Indigenous practices might take some of the heat from our bushfire danger

Fire departments across the Gold Coast hinterland are examining Indigenous fire-control practices as an alternative to standard hazard-reduction burns after one such burn spiralled out of control.

Apr 22, 2021, updated Apr 22, 2021
Volunteer firefighters on the Gold Coast hope indigenous fire prevention methods may be used more commonly (Photo: BBC)

Volunteer firefighters on the Gold Coast hope indigenous fire prevention methods may be used more commonly (Photo: BBC)

In the latter part of 2019,  when catastrophic wildfires sprung up across the east coast of Australia, firefighters struggled to control them despite the hazard reduction burns which had been performed only months earlier.

This eco-disaster called into question the effectiveness of prescribed burns, leaving local firefighters searching for a better alternative.

With a steadily worsening climate and many prescribed burns going out of control, there is hope that hazard reduction burns may be replaced with a century old method.

Lee Leeton, a Thunghutti, Bundjalung and Mualgal man who lives on Mt Tamborine and is a volunteer firefighter with Tamborine Mountain Rural Fire Brigade, said indigenous methods of hazard reduction involved what he called the “cool burn”.

“Or sometimes we call it the right fire, it’s a nice gentle burn that’s a low temperature because the whole ground is a seed bank and has all these seeds in the ground there and we want to activate the right seeds, that’s why timing is important.”

He is a member of the Firesticks Alliance, an indigenous-led network that aims to re-invigorate the use of cultural burning in fire and land management. Its ultimate goal is to enable and empower Aboriginal and non-Aboriginal communities to work collectively towards resilient landscapes.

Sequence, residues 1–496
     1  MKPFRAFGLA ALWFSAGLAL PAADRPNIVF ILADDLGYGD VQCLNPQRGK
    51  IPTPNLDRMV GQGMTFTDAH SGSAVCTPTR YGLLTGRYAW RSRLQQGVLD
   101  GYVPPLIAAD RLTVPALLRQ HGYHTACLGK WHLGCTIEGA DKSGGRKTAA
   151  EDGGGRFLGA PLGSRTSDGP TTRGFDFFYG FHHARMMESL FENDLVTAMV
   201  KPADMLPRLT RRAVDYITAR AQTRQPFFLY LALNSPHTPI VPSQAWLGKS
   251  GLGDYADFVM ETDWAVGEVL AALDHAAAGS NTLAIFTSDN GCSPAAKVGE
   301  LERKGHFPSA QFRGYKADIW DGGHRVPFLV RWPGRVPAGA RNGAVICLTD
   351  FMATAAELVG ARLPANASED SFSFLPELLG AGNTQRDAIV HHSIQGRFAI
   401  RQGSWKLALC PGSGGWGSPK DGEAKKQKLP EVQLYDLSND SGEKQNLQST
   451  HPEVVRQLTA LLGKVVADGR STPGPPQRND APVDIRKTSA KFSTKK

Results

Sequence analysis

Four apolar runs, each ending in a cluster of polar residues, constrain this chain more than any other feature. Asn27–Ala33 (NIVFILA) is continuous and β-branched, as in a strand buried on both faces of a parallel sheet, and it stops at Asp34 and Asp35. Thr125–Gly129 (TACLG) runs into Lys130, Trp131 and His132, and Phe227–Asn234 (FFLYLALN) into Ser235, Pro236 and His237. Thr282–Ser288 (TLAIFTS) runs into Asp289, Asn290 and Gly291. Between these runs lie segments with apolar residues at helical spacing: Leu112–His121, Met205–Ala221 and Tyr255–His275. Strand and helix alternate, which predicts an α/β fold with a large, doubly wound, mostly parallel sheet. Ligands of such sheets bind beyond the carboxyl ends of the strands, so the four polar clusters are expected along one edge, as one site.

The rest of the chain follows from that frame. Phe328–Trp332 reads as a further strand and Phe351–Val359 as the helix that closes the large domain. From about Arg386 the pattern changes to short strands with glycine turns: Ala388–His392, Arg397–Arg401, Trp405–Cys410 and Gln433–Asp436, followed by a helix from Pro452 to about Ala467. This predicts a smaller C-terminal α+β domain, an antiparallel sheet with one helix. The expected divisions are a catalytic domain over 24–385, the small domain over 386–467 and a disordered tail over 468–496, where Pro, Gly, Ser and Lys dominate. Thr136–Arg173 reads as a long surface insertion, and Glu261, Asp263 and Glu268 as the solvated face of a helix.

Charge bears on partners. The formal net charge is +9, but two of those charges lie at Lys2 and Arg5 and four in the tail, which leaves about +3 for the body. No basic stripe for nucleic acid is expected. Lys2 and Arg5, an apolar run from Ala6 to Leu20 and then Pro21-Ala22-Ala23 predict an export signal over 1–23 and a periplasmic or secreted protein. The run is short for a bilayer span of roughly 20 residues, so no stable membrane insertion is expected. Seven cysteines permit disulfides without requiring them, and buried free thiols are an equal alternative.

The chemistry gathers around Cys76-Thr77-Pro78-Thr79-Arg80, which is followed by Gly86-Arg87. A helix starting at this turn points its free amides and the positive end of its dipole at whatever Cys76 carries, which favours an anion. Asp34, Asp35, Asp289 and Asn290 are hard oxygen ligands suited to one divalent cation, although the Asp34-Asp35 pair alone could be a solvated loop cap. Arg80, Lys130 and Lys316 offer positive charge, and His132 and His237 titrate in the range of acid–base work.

The Tamborine Rural Fire Brigade held a practice hazard-reduction session on the mountain last year. Those present on the day said it was considerably slower than standard hazard-reduction burns, giving animals plenty of time to escape but also clearing away the accumulated rubbish on the ground through which fires can quickly spread.

Timing is incredibly important to the successfulness of this process.

The brigade became the first in south-east Queensland to change its approach on how fire practices are applied within a Rural Fire Brigade.

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Greg Lincoln, first officer of Mt Tamborine Rural Fire Brigade, said “a cultural burn is not a quick method but after a 2-3 year period, the cultural burn has achieved far more than a hazard reduction burn.”

With a recent reminder of the severity of Australian bushfires, many firefighters hope that Indigenous alternatives will come into practice sooner.

As stated by Lee Leeton, “If we look after the land, the land will look after us.”’

Something to remember as the future brings with it challenges to the preservation and resilience of the natural environment.


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